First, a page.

Doctors say AstraZeneca data setback should bring confidence in the oversight process

Posted at 5:48 PM, Mar 23, 2021
and last updated 2021-03-23 19:38:20-04

GRAND RAPIDS, Mich — An independent advisory panel is asking for more updated information for AstraZeneca’s version of the COVID-19 vaccine.

The drugmaker has 48 hours to release that data, but in the meantime health experts in West Michigan say this request is the perfect example of the approval and safety process working like it’s supposed to.

“There’s been some concerned that AstraZeneca may have used some outdated information,” said Dr. Ronald Grifka, chief medical officer for Metro Health University of Michigan.

The company’s latest data is the biggest concern for the Data and Safety Monitoring Board, also known as the DSMB.

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Dr. Grifka said even with the information available, the vaccine looks promising.

“AstraZeneca says it’s 79% effective against symptomatic disease and 100% effective against the severe or critical disease in hospitalization, which is fantastic results,” he said.

This setback comes right on the heels of the vaccine’s suspension in a few European countries after reports of blood clots in some vaccine recipients.

However, Dr. Liam Sullivan, an infectious disease specialist with Spectrum Health, said there hasn’t been.

“At this time, Europe’s FDA equivalent and the World Health Organization have both deemed that this vaccine does not indeed cause blood clots. The interesting part about this is that they have not had this problem in the United Kingdom, where they’ve probably administered more AstraZeneca vaccine than anywhere else in the world,” he said.

Dr. Sullivan added this latest setback for the company is actually a really good thing for the community.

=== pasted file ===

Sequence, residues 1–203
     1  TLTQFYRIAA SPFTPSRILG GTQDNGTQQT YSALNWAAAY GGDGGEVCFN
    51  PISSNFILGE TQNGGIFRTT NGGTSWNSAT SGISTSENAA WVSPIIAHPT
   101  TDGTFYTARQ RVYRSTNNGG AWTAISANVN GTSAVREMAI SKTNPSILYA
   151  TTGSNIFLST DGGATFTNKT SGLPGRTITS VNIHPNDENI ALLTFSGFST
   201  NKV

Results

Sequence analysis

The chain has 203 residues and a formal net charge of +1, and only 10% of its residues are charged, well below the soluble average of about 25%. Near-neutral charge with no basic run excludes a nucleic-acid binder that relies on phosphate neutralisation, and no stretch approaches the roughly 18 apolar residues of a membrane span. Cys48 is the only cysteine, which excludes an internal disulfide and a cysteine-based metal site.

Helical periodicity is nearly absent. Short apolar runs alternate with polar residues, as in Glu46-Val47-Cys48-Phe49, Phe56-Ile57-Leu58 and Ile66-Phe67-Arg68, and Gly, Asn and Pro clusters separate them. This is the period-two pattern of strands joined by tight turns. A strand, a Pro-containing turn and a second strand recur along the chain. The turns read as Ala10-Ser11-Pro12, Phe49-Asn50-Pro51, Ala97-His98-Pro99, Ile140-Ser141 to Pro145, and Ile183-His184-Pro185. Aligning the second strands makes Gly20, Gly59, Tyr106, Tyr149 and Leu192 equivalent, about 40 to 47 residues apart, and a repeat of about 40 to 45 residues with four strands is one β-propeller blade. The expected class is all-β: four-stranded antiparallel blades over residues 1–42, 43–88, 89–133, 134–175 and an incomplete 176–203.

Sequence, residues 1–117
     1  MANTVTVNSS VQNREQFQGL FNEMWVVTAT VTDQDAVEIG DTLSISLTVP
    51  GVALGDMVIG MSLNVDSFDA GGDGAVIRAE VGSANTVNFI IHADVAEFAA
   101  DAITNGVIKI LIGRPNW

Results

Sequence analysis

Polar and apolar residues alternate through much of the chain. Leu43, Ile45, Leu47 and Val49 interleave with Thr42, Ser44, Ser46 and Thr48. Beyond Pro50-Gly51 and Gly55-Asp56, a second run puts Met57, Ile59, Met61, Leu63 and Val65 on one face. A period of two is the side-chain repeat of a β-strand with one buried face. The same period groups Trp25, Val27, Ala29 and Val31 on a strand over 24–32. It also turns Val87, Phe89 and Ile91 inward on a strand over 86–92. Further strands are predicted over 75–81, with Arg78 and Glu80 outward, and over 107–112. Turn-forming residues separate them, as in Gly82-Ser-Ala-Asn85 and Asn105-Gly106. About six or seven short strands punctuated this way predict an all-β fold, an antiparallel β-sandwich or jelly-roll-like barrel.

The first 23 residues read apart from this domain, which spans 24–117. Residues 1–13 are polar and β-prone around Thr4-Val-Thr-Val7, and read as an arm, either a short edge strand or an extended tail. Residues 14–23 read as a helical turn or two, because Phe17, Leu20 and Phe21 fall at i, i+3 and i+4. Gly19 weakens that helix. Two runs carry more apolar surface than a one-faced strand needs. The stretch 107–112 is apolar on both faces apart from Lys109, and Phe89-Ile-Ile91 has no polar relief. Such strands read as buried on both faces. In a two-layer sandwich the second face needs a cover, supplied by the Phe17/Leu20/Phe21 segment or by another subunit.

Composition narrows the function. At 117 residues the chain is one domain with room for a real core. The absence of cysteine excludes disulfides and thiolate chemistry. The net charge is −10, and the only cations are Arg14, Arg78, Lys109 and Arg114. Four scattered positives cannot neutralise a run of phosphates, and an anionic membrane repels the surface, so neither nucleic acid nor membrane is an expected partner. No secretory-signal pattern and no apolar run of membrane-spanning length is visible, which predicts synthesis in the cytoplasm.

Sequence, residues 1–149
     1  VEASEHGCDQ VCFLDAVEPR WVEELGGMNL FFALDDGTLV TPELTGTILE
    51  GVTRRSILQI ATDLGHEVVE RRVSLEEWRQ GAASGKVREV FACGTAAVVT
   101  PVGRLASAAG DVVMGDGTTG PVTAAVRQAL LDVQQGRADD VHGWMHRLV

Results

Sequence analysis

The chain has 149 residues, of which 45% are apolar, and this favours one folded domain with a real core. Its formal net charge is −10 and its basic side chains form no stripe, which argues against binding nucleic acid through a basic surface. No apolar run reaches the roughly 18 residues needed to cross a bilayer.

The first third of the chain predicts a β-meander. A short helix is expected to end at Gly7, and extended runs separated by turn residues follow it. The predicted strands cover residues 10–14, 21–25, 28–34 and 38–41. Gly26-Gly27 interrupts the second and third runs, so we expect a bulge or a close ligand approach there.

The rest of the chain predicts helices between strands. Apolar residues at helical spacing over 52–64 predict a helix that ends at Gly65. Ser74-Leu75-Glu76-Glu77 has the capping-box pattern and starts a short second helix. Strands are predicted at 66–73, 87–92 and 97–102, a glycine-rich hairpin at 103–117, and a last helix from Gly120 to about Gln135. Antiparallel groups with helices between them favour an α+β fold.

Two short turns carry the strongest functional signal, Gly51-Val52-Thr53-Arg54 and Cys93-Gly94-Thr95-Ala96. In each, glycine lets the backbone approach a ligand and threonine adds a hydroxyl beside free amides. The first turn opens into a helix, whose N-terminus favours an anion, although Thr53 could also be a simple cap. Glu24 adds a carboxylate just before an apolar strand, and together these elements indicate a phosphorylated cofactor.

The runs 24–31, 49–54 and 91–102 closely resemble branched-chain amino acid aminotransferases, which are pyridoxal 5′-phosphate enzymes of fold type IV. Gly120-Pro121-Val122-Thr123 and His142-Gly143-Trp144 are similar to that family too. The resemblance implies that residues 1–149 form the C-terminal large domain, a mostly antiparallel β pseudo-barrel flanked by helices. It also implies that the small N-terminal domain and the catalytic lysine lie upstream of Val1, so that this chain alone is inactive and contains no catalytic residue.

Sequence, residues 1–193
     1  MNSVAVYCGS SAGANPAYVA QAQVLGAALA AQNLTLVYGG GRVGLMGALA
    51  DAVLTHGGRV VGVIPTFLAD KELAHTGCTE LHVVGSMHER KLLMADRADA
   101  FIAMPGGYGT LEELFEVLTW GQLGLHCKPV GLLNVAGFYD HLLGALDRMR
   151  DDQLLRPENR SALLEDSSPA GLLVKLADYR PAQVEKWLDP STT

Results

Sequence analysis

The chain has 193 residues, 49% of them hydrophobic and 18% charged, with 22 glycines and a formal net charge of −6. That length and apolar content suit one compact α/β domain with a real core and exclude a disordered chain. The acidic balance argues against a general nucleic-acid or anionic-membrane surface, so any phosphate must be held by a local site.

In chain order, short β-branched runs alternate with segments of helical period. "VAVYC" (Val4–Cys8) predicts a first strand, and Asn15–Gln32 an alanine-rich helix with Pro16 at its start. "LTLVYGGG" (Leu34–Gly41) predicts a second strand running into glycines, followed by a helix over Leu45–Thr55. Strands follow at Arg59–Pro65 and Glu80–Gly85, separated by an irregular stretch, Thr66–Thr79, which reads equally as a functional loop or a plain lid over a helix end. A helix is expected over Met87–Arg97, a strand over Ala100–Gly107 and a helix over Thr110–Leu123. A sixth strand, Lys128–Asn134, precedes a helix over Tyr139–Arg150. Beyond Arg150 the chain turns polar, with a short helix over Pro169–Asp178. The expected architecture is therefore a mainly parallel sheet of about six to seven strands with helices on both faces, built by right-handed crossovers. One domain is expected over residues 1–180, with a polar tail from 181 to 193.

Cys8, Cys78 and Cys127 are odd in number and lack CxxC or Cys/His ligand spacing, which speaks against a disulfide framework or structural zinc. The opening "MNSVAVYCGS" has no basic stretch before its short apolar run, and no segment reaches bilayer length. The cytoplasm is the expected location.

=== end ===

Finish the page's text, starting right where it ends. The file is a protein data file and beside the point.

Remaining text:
“That’s what the Data Safety and Monitoring Board’s job is: is to be that independent advisory board to say, ‘Hey, wait a minute, this isn’t quite right; you need more data here; you have a safety problem here.’ That is their job, and it’s good to see this process is working like it's supposed to be working,” said Dr. Sullivan.

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While the latest news may have people feeling concerned, Dr. Sullivan hopes it’ll increase trust in the system.

He said, “It should make people feel ‘Okay, at least someone is looking at this, and it isn’t just coming out of the vacuum from somewhere.’”

Both doctors are eager to see the new data from AstraZeneca in the coming days and know that while the vaccine appears to be safe, it’ll be under a bigger microscope.

Dr. Sullivan said, “They had to halt their clinical trial in the United States, and then they came out and said they had a dosing error in their clinical trial, so they’ve had to battle some public relations issues throughout their clinical trials with her vaccine, so I think the FDA is going to be especially scrutinizing of them when they go through their data.”

Dr. Grifka added, “Rest assured, the FDA has done the due diligence with the three vaccines that they have approved, and they’ll do the same thing with the AstraZeneca, and they are in the process of analyzing that now, hopefully will find out very soon.”

AstraZeneca is expected to officially apply for Emergency Use Authorization to the FDA within the first two weeks of April.

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